Prepared frozen raw food is a very easy method for people who don’t want to be bothered with cutting up meat and packaging pieces for the freezer. A popular brand is
- Food is in its natural state
- Food is available in many forms such as nuggets, burgers, bars, chubs
- Lots of meat choices, including beef, turkey, chicken, lamb, buffalo, rabbit, venison
- More expensive than home-prepared
- Need enough freezer space for storage
- Must remember to remove a piece to thaw
- Need to practice good hygiene — careful handling and cleanup
Freeze dried raw foods are an easy way to feed raw.
- Easy to store and carry if you are traveling with your dog
- Good choice if you live in an apartment or have limited freezer space
- Helpful if you have a dog sitter or need to kennel your dog, or with anyone who might not be comfortable handling frozen raw food
- More expensive
- Since it is freeze-dried and not frozen raw, there many be some small nutritional differences
- Must be re-hydrated and need to allow a little time
- No dental or chewing benefits
What About Grain-Free Kibble?
Kibble is Still Kibble
Don’t be taken in by the new “grain free” dog foods. There is even a new “raw kibble” dog food out that blends grain-free kibble and pieces of freeze-dried raw meat. The problem is, “grain-free” kibble still contains carbs and starches. In the case of the “raw” kibble tapioca is the second ingredient. In other grain-free dog foods potatoes, rice or sweet potatoes, as well as tapioca, are commonly used. Whatever it contains, kibble lacks moisture content and carnivores like dogs and cats were designed to eat moisture-rich foods. Ever notice how much water your dog needs to drink after eating dry food?
Supplements for Your Dog
While not mandatory, some holistic vets recommend adding some supplements to your dog’s raw diet. A lot of people look to a raw food diet for their dog because of allergies, particularly skin problems. Here are some common supplements to consider and which I have used for Molly with good results:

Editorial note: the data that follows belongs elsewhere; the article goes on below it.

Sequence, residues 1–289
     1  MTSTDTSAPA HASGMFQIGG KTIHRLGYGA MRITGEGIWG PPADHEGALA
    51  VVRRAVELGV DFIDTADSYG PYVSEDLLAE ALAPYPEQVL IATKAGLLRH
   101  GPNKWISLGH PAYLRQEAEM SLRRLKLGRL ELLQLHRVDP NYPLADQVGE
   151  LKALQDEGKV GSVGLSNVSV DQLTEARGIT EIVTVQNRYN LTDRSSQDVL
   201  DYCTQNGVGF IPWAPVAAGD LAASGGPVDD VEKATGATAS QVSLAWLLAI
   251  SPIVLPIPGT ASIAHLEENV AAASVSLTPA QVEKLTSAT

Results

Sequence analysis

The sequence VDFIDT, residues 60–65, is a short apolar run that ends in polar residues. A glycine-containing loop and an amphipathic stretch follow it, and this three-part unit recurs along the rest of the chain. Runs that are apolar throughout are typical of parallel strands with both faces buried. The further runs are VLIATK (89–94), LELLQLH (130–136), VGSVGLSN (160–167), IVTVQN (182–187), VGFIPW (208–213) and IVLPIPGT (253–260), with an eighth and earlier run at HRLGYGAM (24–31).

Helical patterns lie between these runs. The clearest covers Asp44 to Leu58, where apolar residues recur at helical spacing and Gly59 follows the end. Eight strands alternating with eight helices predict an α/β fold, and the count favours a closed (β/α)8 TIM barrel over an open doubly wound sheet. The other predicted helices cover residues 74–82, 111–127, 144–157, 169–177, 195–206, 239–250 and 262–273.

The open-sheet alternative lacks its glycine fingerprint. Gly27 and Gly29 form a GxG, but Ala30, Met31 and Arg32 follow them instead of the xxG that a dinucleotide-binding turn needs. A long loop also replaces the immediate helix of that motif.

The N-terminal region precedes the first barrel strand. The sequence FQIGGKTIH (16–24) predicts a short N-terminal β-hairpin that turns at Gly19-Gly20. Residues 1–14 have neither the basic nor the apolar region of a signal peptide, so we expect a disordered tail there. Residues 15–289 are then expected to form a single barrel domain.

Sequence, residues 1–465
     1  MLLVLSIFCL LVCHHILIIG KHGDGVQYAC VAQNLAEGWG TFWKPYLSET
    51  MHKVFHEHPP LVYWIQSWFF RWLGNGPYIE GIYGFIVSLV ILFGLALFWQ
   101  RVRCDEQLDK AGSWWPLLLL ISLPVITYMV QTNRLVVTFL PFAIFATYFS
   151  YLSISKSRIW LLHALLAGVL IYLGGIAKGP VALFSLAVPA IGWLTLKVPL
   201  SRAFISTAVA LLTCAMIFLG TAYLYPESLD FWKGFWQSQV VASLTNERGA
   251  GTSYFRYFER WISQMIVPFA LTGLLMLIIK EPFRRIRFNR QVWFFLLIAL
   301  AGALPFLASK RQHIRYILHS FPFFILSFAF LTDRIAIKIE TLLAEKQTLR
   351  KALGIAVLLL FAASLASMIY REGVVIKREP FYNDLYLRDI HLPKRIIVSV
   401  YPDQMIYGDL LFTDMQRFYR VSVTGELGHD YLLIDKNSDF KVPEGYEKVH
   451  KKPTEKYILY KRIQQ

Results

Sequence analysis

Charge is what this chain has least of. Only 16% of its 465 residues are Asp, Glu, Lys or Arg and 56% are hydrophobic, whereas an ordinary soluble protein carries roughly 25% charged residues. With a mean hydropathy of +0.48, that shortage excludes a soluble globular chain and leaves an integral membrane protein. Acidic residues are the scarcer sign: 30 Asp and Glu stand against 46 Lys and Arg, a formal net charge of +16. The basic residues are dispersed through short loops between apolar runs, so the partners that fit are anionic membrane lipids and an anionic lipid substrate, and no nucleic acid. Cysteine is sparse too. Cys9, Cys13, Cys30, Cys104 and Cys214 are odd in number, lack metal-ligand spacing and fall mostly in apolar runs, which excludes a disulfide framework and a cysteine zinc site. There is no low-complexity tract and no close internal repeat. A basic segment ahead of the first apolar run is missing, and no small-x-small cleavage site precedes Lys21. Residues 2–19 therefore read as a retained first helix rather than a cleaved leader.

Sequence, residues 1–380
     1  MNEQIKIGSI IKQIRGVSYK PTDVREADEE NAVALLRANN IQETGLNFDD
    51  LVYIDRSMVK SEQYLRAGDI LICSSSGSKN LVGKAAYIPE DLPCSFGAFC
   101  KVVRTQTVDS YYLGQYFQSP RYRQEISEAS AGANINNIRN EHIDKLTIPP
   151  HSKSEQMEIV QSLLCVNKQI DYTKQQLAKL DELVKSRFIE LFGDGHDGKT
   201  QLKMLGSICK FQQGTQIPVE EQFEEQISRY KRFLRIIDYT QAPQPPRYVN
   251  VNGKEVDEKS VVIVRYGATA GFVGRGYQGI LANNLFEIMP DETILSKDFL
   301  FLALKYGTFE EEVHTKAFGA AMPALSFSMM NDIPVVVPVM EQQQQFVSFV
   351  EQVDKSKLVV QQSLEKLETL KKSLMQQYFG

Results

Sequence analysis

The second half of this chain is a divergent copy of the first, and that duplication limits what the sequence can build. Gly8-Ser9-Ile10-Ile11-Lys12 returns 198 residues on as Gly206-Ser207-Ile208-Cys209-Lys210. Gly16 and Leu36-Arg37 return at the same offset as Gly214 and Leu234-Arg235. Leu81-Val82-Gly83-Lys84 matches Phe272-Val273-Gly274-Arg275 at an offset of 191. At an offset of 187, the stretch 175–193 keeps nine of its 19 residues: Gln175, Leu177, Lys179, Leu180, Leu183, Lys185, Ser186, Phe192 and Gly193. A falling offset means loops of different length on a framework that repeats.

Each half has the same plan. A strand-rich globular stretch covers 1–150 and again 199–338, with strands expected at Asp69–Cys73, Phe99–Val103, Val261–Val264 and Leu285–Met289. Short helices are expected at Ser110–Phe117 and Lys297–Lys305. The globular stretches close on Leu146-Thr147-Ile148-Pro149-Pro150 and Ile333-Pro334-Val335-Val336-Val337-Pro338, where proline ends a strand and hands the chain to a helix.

Omega 3’s Fish Oil -This is a supplement that I highly recommend personally because I have seen what a difference it has made in Molly. My vet and other holistic vets (and non-holistic for that matter) also recommend adding Omega 3’s. You can get fish oil supplements in capsules or liquids and both are fine, it is individual preference. I use Grizzly Salmon Oil All-Natural Dog Food Supplement liquid with pump dispenser because it works, it’s easy and Molly loves it. If you would rather give capsules, I like Nordic Naturals Omega-3 Pet Soft Gels. Be sure to look for one that does not have soy as a preservative. The label might even say “vitamin E” and I found out the hard way that it can mean soy. Molly was itching non-stop and I finally figured out it was the soy/vitamin E preservative in the capsules I was buying.
Hemp Seed Oil: Molly had some kind of skin condition and it was very itchy and she was losing her hair. My vet recommended adding hemp seed oil along with her salmon oil to provide a more complete ratio of omega fatty acids. It has really helped. I buy the Nutiva Organic Hemp Oil and squirt it into her dish with the salmon oil.
Glucosamine – Because my sweet girl is getting older and sometimes gets a little stiff when getting up from her bed, I started giving her Ark Naturals Joint Rescue Super Strength (500 mg) for Dogs & Cats. I really like this product. I have tried several, including liquids, and this seems to work the best. She loves the liver taste and it’s high potency, so for her size I only need to give 1 tablet/day. They are easy to break in half for smaller dogs. I truly think this is making a difference, she seems less stiff and prances down the street on her walks (if you haven’t seen a Springer prance, you are missing something!).